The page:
With rock cliffs and a walk on the Appalachian trail, Mount Marshall is a classic Virginia mountain. Mount Marshall is one of the most accessible Shenandoah peaks from the Washington DC area. It is on the Appalachian trail, and is accessible via a couple points off of Skyline Drive, as well as from a long day hike off of route 211. The summit area provides some very nice views of the Shenadoah Valley and surrounding mountains.
Mount Marshall is actually made up of two summits (North Marshall and South Marshall). North Marshall is the higher of two, (separated by about a mile), and is also referred to as "Mount Marshall".
South Marshall is 3,212 feet and lies to the South of North Marshall, on the Appalachian Trail. It shares a ridge, and rises 125' above the ridge between North and South Marshall. It can initially be reached via Gravel Springs Gap, where you gain 557' to get to South Marshall's wooded summit.
There are two very different routes you can use. One is the common route off of Skyline Drive in Shenandoah National Park. Start at the parking lot at milepost 15.9 or ~17.5 (the longer route). You take the Appalachian trail until you wind around a steep trail until you hit a view point overlooking a cliff. Then it is relatively flat for 1/3 of a mile to the summit. The summit is off to the left of the trail. It is a jagged boulder, with a decent view, and a USGS marker. To find it, you will see some boulders off in a clearing. If you continued on the trail, you would just be going down. Look for the highest point.
The longer trailhead (mp 17.5) is off Skyline Drive at Gravel Springs Gap, with 900 feet of elevation gain, and a 4 mile round trip hike. If you are a die hard hiker who cannot stand hiking from Skyline Drive, then you can take a much longer and more strenous route, accessible from outside the park. For that route, follow Rt 211 south to Rt 622 at Washington, VA. Follow Rt 622 through town along the Rush River to Rt 625. Rt 625 is unpaved, and has a small parking area at the trail head approx. 3 miles from Rt 211.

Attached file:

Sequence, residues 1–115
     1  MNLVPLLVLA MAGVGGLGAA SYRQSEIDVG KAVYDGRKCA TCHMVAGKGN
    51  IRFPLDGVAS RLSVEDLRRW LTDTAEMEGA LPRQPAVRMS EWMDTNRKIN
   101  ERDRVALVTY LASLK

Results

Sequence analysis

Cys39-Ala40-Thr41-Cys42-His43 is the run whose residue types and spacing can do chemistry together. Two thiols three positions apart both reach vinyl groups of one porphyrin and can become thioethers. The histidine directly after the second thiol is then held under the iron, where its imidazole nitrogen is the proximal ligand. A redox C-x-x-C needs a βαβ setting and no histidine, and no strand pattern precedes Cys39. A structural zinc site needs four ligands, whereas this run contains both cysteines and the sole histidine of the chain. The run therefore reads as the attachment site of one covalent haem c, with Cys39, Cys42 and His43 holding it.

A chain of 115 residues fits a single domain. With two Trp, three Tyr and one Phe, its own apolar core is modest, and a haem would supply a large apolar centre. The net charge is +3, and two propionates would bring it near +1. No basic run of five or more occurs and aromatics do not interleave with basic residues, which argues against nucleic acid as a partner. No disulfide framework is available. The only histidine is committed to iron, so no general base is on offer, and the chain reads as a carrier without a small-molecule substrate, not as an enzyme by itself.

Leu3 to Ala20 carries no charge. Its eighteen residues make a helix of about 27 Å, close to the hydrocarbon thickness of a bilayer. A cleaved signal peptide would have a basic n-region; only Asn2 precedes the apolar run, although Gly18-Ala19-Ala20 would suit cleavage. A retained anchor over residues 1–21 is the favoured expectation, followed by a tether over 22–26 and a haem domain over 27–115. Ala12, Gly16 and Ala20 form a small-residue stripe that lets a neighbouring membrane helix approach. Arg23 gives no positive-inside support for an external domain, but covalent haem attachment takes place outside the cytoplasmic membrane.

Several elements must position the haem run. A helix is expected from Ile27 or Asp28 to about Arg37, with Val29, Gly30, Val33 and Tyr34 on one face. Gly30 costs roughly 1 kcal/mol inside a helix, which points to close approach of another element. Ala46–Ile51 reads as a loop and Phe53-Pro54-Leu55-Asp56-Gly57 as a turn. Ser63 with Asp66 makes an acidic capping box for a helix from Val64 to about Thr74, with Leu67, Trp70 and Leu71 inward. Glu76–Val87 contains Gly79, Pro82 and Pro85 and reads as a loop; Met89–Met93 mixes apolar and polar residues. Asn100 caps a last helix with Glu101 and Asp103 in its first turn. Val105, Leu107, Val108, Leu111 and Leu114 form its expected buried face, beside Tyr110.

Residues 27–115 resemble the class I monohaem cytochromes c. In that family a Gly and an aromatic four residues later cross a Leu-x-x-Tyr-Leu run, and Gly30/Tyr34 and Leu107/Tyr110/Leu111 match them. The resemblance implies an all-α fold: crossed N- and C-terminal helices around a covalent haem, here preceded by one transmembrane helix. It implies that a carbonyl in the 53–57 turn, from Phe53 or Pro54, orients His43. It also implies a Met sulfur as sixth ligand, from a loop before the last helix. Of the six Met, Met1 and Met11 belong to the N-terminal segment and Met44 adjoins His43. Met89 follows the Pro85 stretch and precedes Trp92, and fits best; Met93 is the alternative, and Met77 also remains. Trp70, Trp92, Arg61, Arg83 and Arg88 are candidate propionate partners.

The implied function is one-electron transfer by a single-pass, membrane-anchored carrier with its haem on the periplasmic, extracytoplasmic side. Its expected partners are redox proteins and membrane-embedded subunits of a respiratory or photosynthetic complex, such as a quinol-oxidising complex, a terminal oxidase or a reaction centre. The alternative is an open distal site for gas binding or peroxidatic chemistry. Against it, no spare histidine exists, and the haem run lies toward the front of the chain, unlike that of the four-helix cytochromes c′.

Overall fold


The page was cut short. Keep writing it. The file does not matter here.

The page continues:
Here is the information on the long hike.
Shenandoah National Park cost $30 for an annual pass. If you do not live in the DC area, you can pay the $15 fee to enter Skyline Drive ($10 from December-February).
Climb all year. The park, or sections of the park, may be closed if road conditions are poor. Check with the park at 540-999-3500.
Campsites are not always open during the winter and spring. Backcountry Camping Permits are required and are available free from park headquarters, visitor centers, and entrance stations. Appalachian Trail hikers may self-register for permits on the AT near Rockfish Gap (south) and Chester Gap (north).
Campfires are not permitted (except at pre-constructed fireplaces at backcountry huts and day-use shelters). Groups may not exceed 10 people. For more info consult the park website.
Check with the park at 540-999-3500.